Unearthing Summary Judgment's Concealed Standard of Review

45 Pages Posted: 16 Feb 2016 Last revised: 2 Sep 2016

Date Written: February 15, 2016

Abstract

The common wisdom has it that the appellate standard of review for summary judgment is uniformly de novo. However, the general unreviewability of summary judgment denials renders as dicta most statements about the standard of review for summary judgment denials. This Paper argues that courts of appeals should accord district courts discretion to deny summary judgment in (i) close cases that (ii) turn at least in part on an issue of fact (at least where a jury trial right is available and has been exercised). This standard will have the greatest impact in the limited universe of summary judgment denials that are immediately appealable — those cases where summary judgment is sought by government officials on the basis of immunity from suit. An empirical study of such cases decided by the courts of appeals confirms that the proposed standard would have a substantial effect on the treatment by courts of appeals of summary judgment denials in qualified immunity cases. Beyond the courts of appeals, implementation of the standard would have an effect on the treatment of qualified-immunity-based summary judgment motions by district courts and the Supreme Court.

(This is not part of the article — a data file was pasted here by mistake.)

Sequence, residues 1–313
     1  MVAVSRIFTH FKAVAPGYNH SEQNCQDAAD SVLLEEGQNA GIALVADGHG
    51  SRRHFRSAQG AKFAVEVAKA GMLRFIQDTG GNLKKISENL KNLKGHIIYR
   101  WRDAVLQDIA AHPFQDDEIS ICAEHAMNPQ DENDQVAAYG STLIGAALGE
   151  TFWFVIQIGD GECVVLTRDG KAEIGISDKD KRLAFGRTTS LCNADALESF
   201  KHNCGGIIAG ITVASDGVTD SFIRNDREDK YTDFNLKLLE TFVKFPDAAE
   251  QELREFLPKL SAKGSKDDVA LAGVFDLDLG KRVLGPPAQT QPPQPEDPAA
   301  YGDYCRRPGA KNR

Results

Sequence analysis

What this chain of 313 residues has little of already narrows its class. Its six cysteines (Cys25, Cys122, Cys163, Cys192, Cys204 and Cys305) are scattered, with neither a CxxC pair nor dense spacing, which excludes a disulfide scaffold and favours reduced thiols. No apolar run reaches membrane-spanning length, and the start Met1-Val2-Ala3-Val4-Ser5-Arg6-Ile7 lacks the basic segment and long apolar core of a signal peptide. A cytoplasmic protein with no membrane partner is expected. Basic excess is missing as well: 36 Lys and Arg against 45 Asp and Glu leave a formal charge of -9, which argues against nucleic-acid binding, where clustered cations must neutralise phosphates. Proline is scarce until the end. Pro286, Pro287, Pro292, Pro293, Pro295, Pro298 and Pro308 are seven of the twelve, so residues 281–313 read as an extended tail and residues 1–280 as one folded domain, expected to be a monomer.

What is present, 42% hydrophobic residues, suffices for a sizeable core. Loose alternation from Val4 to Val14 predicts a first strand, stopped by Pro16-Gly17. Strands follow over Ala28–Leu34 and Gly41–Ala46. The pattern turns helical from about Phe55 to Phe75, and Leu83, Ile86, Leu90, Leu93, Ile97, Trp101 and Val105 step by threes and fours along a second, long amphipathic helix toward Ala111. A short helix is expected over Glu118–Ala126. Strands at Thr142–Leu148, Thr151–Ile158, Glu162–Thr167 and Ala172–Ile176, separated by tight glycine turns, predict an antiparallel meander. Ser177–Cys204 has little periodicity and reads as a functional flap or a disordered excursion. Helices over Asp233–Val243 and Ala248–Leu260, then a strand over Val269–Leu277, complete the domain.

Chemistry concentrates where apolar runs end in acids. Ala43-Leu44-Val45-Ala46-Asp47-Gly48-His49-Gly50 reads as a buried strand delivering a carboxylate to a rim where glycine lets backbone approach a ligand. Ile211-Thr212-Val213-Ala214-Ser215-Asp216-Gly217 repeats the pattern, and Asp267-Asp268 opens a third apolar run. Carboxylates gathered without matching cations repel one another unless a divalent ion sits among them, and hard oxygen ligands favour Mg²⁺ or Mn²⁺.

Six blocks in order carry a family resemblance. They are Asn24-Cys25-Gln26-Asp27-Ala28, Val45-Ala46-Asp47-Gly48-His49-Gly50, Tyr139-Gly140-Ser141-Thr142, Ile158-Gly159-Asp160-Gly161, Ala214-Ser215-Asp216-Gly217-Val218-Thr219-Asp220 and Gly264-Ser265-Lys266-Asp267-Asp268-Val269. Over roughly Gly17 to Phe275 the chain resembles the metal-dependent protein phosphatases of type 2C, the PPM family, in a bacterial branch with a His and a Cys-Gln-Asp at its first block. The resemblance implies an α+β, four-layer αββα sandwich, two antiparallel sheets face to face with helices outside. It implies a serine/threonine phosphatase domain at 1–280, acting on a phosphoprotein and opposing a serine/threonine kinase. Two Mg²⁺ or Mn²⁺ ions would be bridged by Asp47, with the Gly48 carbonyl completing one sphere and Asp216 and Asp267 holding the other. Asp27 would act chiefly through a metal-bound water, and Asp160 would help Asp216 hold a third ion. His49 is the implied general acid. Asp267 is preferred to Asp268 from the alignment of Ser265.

Keywords: Civil procedure, Litigation, Federal courts, Empirical legal studies

JEL Classification: K10, K40, K41

Suggested Citation

Nash, Jonathan, Unearthing Summary Judgment's Concealed Standard of Review (February 15, 2016). UC Davis Law Review, Forthcoming, Emory Legal Studies Research Paper No. 16-400, Available at SSRN: https://ssrn.com/abstract=2732665 or http://dx.doi.org/10.2139/ssrn.2732665

Jonathan Nash (Contact Author)

Emory University School of Law ( email )

1301 Clifton Road
Atlanta, GA 30322
United States

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